The introduction of "enterprise SATA" disks a few years ago was an excellent solution for all the companies craving storage space. With capacities up to 1TB per drive, "RAID Enabled" SATA disks offer huge amounts of magnetic disk space with decent reliability. Magnetic disks have been a very cheap solution if you want storage space, with prices at 20 cents per gigabyte (and falling). Performance is terrible, however, with seek times and latency adding a few milliseconds over faster and more expensive alternatives (i.e. SCSI). That's 10,000 to 100,000 times slower than the speed of CPUs and RAM, where access times are expressed in nanoseconds. Even worse is the fact that seek times and latency have been improving at an incredibly slow pace. According to several studies[1], the time (seek time + latency) to get one block of random information has only improved by a factor 2.5 over the last decade while bandwidth has been improved a tenfold. Meanwhile, CPUs have become over 60 times faster! (As a quick point of reference, ten years ago state-of-the-art servers were running 450MHz Xeon processors with up to 2MB of L2 cache.)

The result of this lopsided performance improvements is a serious performance bottleneck, especially for OLTP databases and mail servers that are accessed randomly. A complex combination of application caches, RAID controller caches, hard disk caches, and RAID setups can partially hide the terrible performance shortcomings of the current hard disks, but note the word "partially". Caches will not always contain the right data and it has taken a lot of research and software engineering to develop database management systems that produce many independent parallel I/O threads. Without a good I/O thread system you would not even be able to use RAID setups to increase disk performance.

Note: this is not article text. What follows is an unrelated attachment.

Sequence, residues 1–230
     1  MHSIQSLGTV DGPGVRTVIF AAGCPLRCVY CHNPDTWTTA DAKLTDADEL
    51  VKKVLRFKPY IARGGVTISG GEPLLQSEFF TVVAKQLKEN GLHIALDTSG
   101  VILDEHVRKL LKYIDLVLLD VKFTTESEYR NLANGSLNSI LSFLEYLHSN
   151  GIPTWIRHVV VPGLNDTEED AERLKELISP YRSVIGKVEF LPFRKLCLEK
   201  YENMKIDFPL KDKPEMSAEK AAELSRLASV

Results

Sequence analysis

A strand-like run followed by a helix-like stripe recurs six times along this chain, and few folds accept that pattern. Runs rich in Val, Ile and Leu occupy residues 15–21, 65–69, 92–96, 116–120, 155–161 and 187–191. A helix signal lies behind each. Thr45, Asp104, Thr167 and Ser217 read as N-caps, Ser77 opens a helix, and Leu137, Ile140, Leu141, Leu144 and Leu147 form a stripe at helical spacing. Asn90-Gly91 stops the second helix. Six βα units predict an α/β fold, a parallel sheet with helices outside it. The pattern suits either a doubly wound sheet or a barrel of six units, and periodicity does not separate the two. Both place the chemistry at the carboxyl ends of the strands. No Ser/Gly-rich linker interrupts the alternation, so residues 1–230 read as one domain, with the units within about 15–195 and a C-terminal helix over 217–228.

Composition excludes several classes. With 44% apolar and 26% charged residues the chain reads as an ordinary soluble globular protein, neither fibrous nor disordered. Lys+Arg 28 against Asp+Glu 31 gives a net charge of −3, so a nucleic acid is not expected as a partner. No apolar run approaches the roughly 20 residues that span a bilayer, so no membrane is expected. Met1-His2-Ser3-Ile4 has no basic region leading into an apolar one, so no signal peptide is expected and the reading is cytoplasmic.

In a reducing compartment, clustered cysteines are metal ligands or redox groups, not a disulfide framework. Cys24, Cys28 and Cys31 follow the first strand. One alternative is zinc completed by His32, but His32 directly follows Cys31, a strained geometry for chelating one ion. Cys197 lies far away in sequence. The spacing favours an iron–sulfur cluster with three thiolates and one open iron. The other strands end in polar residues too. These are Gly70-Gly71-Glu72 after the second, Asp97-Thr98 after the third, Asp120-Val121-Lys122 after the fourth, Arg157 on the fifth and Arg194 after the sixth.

Let's face it: buying, installing, and powering lots of fast spinning disks just to meet the Monday morning spike on mail servers and transactional applications is frequently a waste of disk space, power, and thus money. In addition, it's not just hard disk space and power that make this a rather expensive and inefficient way to solve the ancient disk seek time problem: you need a UPS (Uninterruptible Power Source) to protect all those disks from power failures, plus expensive software and man-hours to manage all those disks. The Intel X25-E, an SLC SSD drive, holds the potential to run OLTP applications at decent speeds much simpler. Through a deep analysis of its low level and real world performance, we try to find out when this new generation of SSDs will make sense. Prepare for an interesting if complex story….